INNOVATION FUND Innovation, Integration, & Implementation Patient Safety and Quality of Care SHOWCASE 2016 INNOVATION FUND Innovation, Integration, & Implementation Patient Safety and Quality of Care SHOWCASE 2016

Evidence-Based Decision Making & Health Technology Assessment for Critical Care, Anesthesia and Surgery (Knowledge Translation): Building a Centre of Excellence

Patient Safety and Quality of Care

janet_martin

Janet Martin

Janet.Martin@lhsc.on.ca

519-685-8500 x34482

 

 

 

davy_cheng

Davy Cheng

Davy.Cheng@lhsc.on.ca

519-685-8500 x33031

AMOSO, London Health Sciences Centre/St. Joseph’s Health Care London,Western University


Highlights

Technologies and innovations for surgery, anesthesia and critical care are burgeoning, and each of them brings purported benefits. How shall we choose amongst the many ‘goods’? Our Know4Go project transformed hospital decision-making regarding which health technologies to adopt and which to forgo through an innovative approach that improved value for money while ensuring  accountability to evidence, ethics, economics, and contextualized social/legal/ethical issues (ie, the ‘sleepers’). We increased effective evidence translation across a multitude of technology decisions, both locally and internationally, by ensuring end-users and decision-makers work in tandem to recognize, contextualize, and decide on the evidence. Overall, this approach superceded  ‘$2-for-1’ return on investment. This approach has the potential to revolutionize decisions and value for money in healthcare if applied more broadly.

Abstract

We developed and implemented Know4Go within a local hospital-based health technology assessment program (HB-HTA) to improve evidence-informed decision-making, contextualized knowledge translation, and value for money , with a particular focus on technology decisions in surgery, anesthesia, and critical care. This innovative approach brings HTA to the place where it is most relevant – to the decision-makers in the hospital who work within a specific context, under a fixed budget, and who are closest to understanding the local priorities and feeling the impact of trade-offs that will be made by taking up one decision and forgoing another. This is in contrast to usual decision-making, which is often done without involving end-users, without explicitly consulting pre-existing evidence or HTAs, and without a mechanism to bring contextualized factors to bear. The Know4Go framework moves HB-HTA a step further by making explicit whether a decision for a new  technology  should be a ‘go’ or a ‘no-go’, or whether more research is required. Know4Go makes tradeoffs explicit by combining contextualized clinical evidence and economic evidence together with the ‘sleeper’ factors (ie, social, legal, ethical, environmental, political, entrepreneurial/innovation, research, and stickiness factors) which often prematurely trump decisions if they are not systematically addressed. Together these concepts address constant expansionary pressures associated with health technologies –one of the largest cost drivers – at the hospital level. By applying this framework to multiple technology decisions in hospitals locally and internationally, we have achieved more than ‘$2-for-1’ return on investment at the hospital level. Hospitals and governments have requested expansion of the toolkit to apply to areas beyond surgery and critical care.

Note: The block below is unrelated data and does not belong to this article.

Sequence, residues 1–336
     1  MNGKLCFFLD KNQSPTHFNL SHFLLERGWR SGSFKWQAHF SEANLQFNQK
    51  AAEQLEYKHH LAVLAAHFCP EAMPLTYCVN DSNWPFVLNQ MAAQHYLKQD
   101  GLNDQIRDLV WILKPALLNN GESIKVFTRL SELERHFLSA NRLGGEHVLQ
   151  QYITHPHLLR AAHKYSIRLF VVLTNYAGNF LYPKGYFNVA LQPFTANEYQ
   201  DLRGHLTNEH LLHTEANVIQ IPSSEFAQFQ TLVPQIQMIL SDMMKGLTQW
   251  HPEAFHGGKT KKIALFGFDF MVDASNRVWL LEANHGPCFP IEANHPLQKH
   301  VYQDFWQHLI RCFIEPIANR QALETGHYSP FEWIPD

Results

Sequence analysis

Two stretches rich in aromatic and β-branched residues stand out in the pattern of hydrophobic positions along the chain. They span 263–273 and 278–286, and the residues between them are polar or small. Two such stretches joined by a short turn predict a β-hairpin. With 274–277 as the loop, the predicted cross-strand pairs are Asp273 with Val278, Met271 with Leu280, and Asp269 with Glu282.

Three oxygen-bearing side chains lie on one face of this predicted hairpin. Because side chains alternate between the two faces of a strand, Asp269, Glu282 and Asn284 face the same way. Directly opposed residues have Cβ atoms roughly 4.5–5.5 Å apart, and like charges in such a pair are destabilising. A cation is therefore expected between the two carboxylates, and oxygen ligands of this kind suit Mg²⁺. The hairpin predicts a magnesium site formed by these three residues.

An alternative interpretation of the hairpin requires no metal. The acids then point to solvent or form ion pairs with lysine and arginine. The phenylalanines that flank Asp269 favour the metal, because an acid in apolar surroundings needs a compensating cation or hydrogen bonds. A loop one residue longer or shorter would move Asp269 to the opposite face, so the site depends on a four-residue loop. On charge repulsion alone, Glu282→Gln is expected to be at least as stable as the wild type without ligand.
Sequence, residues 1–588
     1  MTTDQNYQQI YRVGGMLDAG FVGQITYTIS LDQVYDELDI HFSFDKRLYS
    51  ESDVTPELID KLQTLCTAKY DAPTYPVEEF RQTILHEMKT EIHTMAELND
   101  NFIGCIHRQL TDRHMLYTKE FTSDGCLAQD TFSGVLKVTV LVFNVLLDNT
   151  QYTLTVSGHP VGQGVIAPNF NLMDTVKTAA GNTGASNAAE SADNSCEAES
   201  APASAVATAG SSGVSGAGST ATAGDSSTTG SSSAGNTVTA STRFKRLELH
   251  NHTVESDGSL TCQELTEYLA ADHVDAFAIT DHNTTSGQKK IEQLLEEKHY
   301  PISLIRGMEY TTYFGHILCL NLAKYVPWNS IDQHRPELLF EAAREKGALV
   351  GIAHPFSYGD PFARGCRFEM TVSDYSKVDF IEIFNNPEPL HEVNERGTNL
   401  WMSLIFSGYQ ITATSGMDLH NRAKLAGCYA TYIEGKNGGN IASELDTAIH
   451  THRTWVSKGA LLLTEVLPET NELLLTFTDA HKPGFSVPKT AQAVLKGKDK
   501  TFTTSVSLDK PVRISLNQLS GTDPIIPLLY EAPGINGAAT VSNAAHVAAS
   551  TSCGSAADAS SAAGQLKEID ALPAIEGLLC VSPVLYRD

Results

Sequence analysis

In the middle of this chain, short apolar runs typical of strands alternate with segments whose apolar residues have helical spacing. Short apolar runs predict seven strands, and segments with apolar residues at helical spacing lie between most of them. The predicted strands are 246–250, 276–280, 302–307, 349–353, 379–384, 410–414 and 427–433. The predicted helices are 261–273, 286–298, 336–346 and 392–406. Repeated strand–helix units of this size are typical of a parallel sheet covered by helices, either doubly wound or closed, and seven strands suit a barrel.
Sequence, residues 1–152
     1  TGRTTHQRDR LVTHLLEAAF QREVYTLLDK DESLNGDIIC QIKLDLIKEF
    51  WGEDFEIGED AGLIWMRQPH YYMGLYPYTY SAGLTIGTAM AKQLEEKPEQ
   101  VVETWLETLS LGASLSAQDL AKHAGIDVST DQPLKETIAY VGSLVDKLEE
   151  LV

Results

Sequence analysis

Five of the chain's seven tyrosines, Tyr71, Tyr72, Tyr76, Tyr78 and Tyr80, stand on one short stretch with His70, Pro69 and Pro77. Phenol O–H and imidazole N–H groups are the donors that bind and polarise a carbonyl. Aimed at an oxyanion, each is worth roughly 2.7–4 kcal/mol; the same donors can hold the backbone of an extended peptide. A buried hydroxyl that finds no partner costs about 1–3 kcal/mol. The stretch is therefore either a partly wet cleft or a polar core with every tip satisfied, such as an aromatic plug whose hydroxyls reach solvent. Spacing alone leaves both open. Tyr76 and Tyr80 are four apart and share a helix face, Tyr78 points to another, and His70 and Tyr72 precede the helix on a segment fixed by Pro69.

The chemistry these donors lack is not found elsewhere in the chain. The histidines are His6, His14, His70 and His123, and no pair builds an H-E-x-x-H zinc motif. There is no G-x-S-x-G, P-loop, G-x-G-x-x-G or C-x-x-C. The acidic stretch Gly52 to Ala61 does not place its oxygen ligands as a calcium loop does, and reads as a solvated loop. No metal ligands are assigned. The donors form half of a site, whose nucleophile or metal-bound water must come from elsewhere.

Themes & Abstracts

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